Published:Thursday, 24 Sep 2020 09:09
Chancellor Rishi Sunak will later unveil a plan aimed at minimising further unemployment as stricter Covid-19 restrictions come into force.
The new measures are expected to replace the furlough scheme, which is set to expire next month.
In July, around five million workers were still receiving some or all of their income through the scheme, many in the hospitality sector.
Pubs and restaurants have warned they will be hit hard by new restrictions.
From Thursday, hospitality venues in England will have to shut at 22:00 BST as the government tries to control the spread of the coronavirus.
Scotland is introducing similar measures, with pubs and restaurants having to close at 22:00 BST from Friday, while in Wales restrictions are limited to stopping alcohol sales at 22:00 from Thursday.
“Lots of businesses will not survive this and we are going to see more and more people lose their jobs,” said Kate Nicholls, chief executive of trade body UKHospitality.
At around 11:45, the chancellor is expected to address the Commons to unveil plans that the government hopes will stem those job losses.
The Treasury said the chancellor had been “preparing contingency plans over the summer in case the pandemic required it”.
It is understood Mr Sunak has been considering different forms of wage subsidy and will announce more financial help.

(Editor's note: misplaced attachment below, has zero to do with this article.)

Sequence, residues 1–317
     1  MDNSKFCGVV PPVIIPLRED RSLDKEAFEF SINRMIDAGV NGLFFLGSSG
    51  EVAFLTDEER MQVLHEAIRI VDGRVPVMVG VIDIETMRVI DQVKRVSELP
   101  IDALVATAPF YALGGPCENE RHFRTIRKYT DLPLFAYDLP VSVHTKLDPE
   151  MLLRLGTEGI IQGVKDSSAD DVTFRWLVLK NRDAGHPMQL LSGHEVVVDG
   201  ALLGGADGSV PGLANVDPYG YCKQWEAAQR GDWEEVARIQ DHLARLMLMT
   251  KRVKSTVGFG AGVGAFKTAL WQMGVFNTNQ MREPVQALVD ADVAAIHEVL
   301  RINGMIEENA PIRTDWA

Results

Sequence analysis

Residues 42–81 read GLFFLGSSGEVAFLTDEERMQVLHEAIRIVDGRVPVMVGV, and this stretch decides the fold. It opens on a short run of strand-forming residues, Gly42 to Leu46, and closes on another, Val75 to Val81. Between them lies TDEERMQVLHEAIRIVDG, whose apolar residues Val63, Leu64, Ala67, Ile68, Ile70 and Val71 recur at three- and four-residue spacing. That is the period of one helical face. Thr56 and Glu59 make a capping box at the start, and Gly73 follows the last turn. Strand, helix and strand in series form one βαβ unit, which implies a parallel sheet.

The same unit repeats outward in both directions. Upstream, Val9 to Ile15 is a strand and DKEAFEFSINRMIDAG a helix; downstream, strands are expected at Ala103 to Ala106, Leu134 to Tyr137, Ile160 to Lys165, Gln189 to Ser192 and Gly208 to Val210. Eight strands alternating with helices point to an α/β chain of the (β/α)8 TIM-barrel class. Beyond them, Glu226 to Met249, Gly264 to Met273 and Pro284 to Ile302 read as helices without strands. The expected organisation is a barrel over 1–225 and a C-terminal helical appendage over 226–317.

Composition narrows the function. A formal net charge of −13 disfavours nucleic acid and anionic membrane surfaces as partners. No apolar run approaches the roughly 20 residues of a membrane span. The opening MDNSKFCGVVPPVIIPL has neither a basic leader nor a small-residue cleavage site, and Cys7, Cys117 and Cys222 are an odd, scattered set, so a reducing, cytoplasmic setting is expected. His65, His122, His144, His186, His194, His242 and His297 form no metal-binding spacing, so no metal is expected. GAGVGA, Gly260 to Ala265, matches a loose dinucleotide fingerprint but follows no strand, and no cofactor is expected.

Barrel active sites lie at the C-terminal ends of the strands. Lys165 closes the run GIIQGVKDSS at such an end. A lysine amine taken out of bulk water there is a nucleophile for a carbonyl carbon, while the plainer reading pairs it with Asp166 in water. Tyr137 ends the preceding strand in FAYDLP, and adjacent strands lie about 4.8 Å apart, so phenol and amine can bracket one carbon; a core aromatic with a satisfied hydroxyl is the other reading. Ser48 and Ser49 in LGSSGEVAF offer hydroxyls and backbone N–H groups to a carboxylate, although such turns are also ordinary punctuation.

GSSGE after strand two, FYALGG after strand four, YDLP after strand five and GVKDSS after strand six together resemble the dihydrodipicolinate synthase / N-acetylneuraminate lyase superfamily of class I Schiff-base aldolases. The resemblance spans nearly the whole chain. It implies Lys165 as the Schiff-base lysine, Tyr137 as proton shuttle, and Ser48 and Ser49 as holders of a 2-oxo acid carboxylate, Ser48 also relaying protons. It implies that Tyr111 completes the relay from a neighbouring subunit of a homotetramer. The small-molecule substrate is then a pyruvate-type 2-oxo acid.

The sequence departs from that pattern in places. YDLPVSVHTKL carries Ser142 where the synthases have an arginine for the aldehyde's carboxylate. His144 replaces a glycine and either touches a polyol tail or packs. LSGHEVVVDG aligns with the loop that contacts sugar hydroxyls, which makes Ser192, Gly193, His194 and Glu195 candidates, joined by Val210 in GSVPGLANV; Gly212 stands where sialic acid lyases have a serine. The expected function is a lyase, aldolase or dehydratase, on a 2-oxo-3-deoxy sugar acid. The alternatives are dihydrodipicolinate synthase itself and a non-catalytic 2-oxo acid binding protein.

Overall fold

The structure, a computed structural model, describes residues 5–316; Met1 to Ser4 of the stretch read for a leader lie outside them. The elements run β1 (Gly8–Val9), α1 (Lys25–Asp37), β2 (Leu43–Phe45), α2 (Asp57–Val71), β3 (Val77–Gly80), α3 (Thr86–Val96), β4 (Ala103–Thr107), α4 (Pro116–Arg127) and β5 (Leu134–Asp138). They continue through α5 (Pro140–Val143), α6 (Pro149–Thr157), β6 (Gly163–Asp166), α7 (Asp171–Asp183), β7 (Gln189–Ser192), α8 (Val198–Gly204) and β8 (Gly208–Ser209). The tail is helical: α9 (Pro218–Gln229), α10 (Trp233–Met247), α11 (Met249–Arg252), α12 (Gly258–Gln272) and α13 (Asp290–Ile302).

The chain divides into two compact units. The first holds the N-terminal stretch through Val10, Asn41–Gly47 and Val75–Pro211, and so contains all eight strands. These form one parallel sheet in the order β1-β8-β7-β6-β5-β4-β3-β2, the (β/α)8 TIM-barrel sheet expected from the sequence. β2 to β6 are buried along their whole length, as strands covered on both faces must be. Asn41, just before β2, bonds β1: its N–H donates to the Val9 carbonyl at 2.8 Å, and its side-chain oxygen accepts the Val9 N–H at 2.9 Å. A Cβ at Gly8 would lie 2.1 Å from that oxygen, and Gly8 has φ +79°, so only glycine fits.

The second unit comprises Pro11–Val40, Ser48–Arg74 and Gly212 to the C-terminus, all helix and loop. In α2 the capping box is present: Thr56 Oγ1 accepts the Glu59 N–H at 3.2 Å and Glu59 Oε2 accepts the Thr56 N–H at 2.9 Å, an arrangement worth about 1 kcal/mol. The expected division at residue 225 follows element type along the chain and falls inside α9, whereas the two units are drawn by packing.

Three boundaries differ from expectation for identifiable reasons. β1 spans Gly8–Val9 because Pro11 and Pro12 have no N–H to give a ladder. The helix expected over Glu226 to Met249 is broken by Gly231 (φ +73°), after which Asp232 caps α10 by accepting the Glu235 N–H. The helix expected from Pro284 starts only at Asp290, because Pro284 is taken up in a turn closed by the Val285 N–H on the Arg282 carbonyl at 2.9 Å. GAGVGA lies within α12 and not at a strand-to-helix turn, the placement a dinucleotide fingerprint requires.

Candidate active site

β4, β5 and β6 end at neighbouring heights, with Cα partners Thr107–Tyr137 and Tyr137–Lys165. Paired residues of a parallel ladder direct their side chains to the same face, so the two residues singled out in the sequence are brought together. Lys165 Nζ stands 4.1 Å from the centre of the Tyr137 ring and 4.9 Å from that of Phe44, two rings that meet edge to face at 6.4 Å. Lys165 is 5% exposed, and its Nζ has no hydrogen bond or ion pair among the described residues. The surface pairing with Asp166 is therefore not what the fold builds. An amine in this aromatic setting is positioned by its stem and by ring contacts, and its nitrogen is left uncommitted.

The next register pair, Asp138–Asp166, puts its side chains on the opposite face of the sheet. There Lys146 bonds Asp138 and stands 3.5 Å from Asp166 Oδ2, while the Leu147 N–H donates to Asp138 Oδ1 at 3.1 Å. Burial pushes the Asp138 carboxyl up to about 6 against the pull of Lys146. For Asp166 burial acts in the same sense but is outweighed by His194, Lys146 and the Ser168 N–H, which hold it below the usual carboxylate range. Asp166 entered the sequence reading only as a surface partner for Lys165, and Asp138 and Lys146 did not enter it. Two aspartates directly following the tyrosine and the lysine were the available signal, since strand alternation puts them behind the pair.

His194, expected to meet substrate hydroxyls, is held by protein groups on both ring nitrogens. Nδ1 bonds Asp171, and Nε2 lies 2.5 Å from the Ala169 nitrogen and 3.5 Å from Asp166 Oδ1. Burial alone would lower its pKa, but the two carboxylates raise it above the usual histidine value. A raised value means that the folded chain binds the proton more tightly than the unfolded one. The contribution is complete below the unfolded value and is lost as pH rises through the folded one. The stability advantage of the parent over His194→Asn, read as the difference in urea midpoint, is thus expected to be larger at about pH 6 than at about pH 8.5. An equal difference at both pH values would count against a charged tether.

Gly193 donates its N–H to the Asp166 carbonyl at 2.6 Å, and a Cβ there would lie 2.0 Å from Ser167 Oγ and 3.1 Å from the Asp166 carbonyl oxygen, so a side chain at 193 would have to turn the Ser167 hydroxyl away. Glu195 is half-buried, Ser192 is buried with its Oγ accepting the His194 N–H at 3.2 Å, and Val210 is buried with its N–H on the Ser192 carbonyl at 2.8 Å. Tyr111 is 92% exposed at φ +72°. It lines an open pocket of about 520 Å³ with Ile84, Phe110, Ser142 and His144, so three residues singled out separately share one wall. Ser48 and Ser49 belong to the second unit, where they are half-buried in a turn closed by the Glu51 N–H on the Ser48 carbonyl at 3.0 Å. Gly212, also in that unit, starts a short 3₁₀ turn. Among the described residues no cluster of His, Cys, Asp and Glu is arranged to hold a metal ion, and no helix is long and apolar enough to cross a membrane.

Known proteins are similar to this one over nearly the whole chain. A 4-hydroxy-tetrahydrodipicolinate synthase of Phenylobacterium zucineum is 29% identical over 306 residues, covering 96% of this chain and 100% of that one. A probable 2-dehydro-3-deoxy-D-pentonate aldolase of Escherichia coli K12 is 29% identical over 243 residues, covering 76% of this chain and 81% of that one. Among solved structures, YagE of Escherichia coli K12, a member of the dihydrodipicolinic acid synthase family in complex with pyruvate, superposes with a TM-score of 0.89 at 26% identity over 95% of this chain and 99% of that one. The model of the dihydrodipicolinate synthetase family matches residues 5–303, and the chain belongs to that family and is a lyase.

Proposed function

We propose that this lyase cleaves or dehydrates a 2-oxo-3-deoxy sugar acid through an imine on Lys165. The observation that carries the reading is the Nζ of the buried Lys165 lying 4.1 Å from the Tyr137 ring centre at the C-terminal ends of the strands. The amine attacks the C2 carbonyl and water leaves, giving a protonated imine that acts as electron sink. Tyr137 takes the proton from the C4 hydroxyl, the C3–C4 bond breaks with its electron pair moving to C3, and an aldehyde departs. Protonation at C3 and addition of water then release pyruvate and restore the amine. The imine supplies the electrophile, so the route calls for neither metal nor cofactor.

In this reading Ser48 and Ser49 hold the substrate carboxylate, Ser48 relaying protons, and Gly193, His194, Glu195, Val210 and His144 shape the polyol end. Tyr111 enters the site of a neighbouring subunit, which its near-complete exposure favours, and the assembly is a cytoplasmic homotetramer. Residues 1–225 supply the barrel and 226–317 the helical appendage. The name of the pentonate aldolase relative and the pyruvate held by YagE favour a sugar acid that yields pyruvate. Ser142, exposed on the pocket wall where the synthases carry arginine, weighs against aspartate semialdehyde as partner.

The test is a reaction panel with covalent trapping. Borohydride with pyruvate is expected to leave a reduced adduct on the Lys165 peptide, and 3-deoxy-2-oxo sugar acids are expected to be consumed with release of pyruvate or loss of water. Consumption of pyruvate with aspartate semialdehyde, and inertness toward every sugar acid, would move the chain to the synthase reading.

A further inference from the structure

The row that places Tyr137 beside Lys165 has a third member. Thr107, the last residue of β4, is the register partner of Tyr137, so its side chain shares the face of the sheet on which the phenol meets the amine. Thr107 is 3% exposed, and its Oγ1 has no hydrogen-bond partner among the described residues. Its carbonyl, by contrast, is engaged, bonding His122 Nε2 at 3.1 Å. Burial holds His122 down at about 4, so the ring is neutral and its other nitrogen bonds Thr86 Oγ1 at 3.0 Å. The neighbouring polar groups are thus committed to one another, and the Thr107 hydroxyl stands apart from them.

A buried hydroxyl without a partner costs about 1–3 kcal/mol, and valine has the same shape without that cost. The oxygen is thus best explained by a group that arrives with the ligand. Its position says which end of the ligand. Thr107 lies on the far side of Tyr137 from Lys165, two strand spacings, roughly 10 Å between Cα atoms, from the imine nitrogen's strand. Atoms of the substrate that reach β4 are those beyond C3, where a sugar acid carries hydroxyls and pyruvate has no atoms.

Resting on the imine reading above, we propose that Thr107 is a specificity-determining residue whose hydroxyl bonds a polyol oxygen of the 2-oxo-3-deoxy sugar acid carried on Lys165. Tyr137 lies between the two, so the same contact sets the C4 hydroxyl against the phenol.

He is also thought to be looking at options including a salary top-up scheme, similar to those already operating in France and Germany.
The prime minister said Mr Sunak was working on “creative and imaginative” solutions.
Although the Treasury has declined to comment, possible ideas are thought to include allowing firms to reduce employees’ hours while keeping them in a job, with the government paying part of the lost wages.
Mr Sunak also announced on Wednesday that the Autumn Budget would be scrapped this year because of the pandemic.
Paul Johnson, director of the Institute for Fiscal Studies think tank, said he expected a “big rise” in unemployment when the existing furlough scheme expires at the end of next month.
“We’ve already seen something like a reduction of nearly three quarters of a million… in terms of the number of people on payroll and then we’ve got at least another two million or so on furlough not working,” Mr Johnson told the BBC’s Today programme.
“Some of those will likely be supported by this new scheme but not all of them and that implies, I suspect, by the end of the year that we will have something like… two million fewer than we had at the beginning of the year, although oddly that doesn’t seem to be translating at the moment into the official unemployment figures.”